I shook my head. "I didn't say anything."

We were in the far back corner of some Thai restaurant I had found, gazing uninterestingly at a menu full of foreign characters that meant, so far, absolutely nothing to us. At the sounds of her incessant sniffling, I peeled my eyes away from the menu, mind racing within a blend of aromas, from fried rice and Massaman Curry, to steamed broccoli and a pungent perfume, which wafted from the chair directly in front of me. 

Her. That she-demon, the wolf mother of despair herself. She, of course, was already looking away, eyes scanning that same binding of foreign entrée options that laid before me, acting by some accord as if we were already in a relationship: never once meeting my gaze; never once telling me what truly bothered her so very much; never giving me the chance to at least make things right, but I assume that's the point of all memories. 

Memories are truly remarkable things of guidance and devotion, up until you fall upon something like the worst date story you've ever experienced. As far as experiences go, I doubt I've ever had anything as memorable or quite possibly worthwhile as this.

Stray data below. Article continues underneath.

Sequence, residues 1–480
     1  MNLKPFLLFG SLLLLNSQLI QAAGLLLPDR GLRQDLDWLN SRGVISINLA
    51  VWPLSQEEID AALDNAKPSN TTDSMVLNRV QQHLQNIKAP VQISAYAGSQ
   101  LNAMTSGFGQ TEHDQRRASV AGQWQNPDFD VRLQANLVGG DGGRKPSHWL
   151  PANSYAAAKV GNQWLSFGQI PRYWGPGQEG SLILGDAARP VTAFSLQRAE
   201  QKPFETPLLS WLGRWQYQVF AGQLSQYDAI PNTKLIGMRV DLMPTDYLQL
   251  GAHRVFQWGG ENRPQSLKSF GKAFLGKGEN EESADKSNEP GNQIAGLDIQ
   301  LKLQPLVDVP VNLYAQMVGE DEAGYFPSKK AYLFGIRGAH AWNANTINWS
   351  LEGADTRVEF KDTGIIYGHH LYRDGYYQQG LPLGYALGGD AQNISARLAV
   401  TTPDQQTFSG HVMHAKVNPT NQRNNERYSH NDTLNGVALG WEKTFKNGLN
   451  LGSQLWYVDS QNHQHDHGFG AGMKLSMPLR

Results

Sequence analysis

"What are you gonna have?" I asked, but she simply shrugged. Something was up. I knew this only through some inborn intuition. She appeared both hyperactive, fidgeting and moving in uncontrolled spasms, while at the same time convincingly cold since it was the dead of December. 

Her sniffling persisted. I asked if she was okay, thinking far off within my stupidly childish mind that she was depressed by something, or lost in some sort of emotional confusion that girls often receive from time to time. It was neither of these things, of course, just a full-fledged love affair with the white demon hidden within her pocket. An all-white crystalline substance of unimaginable powers. Powers, of course, that inevitably made her into the she-wolf.